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robertogreco : vessels   2

‘Red Brick, Black Mountain, White Clay,’ by Christopher Benfey - NYTimes.com
"Surely the word “vessel” must rate high among the loveliest in the English language. Its meaning contains (vessel-like) a well-wrought urn, a far-­sailing ship, a throbbing vein. Spoken, its whispering consonants cut swiftly past. Printed, its letters even resemble a boat: jutting prow, double-curved hull, high stern. Can it be a coincidence that this Middle English artifact encloses — centered perfectly — the Latin esse, the primal verb “to be”?

And to paraphrase Emily Dickinson only slightly, there is no vessel like a book. Especially when it’s as well wrought and far-sailing as Christopher Benfey’s “Red Brick, Black Mountain, White Clay,” a book about earthen vases, epic voyages and ancestral blood. Part memoir, part family saga, part travelogue, part cultural history, it takes readers on a peripatetic ramble across America and beyond, paying calls on Cherokee potters, Bauhaus craftsmen, colonial clay-diggers and the author’s brick-mason grandfather."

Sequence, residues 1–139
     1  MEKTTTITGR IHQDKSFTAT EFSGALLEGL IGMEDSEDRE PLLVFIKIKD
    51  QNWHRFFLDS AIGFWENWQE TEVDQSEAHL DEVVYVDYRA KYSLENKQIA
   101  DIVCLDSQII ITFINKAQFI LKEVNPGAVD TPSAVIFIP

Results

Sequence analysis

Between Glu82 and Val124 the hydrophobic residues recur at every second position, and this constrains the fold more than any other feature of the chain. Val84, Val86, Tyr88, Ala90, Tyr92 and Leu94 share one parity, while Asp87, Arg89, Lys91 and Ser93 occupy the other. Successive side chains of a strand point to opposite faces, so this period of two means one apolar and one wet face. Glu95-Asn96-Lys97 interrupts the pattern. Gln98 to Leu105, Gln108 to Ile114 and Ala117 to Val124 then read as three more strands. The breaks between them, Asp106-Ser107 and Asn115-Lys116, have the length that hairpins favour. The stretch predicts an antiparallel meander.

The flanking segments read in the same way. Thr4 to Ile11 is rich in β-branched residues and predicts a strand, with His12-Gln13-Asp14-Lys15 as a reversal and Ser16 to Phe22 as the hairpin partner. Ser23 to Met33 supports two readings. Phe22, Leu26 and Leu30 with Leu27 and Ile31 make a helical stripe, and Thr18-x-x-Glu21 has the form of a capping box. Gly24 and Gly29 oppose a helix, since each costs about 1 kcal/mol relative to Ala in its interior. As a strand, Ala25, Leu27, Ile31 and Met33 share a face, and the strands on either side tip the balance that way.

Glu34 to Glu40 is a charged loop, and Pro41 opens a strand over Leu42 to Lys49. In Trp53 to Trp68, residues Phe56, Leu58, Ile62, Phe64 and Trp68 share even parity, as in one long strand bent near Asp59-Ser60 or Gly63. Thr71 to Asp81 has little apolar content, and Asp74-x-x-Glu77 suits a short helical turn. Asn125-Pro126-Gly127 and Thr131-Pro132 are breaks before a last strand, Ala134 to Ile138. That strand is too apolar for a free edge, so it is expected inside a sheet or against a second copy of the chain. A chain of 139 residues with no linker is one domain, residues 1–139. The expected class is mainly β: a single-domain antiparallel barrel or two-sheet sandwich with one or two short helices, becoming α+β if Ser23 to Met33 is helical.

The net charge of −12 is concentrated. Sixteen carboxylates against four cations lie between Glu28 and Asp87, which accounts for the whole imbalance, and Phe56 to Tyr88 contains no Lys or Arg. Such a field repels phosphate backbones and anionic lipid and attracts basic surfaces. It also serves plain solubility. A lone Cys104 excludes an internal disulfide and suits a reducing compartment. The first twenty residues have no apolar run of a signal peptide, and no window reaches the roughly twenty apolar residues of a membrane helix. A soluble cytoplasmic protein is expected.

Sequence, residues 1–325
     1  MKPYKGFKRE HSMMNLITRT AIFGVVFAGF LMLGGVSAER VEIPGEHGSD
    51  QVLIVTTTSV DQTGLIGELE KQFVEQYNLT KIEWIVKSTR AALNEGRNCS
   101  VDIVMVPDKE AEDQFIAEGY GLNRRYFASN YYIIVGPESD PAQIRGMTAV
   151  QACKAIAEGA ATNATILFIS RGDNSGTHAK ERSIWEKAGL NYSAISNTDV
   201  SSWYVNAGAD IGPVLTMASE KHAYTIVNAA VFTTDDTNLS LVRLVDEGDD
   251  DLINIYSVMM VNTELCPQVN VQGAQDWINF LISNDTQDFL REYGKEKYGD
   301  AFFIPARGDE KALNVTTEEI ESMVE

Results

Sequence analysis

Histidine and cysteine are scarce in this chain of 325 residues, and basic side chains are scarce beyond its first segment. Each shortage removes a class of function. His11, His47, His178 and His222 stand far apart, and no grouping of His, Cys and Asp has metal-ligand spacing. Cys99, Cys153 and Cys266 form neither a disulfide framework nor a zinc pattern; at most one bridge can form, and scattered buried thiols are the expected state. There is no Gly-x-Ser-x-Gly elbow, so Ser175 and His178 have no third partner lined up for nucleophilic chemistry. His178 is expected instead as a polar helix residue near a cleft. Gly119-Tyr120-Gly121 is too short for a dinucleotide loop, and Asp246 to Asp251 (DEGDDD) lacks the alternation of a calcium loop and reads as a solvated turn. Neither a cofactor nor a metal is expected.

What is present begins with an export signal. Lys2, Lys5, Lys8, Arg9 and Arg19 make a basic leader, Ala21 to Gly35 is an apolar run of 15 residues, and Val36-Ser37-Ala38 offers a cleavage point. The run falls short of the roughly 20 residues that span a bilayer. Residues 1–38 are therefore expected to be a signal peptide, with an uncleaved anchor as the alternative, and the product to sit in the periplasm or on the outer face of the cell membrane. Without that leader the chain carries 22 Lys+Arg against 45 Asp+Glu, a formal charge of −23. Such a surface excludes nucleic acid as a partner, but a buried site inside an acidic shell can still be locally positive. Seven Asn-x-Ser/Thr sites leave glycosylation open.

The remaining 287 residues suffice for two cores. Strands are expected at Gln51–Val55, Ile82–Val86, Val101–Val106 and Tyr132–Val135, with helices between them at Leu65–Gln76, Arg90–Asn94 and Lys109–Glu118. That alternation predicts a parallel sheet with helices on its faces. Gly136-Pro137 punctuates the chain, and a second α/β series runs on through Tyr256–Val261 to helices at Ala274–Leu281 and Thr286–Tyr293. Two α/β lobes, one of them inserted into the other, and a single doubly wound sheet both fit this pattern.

craftsmanship  quakers  history  art  toread  books  christopherbenfrey  blackmountaincollege  vessels  emilydickinson  bmc  quaker 
august 2012 by robertogreco
doug johnston: Sash Cord Studies
"These vesels, masks and sculptures utilize an old crafting technique in which rope or cord is coiled and stitched to forms bowls and baskets. The technique is itself based on the ancient method of making ceramic coiled pots as well as coiled basketry. The method explores ways of transforming a linear material into three-dimensional objects, an interest I have also studied in other materials such as yarn or plastic tubing. I also see the process as a form of analog 3D printing/prototyping performed by a sewing machine and with much less precision. In this way the "3D file" is in my head as I begin each piece and its formation happens by making certain adjustments to the work w"hile sewing. The process has its own limitations, largely determined by the sewing machine, and each piece takes on deformations and glitches that give it unique personality.

The studies use the raw 100% cotton braided cord, often called sash cord, and colored sewing thread…"
wearables  vessels  brooklyn  nyc  glvo  textiles  design  art  dougjohnston  wearable 
february 2012 by robertogreco

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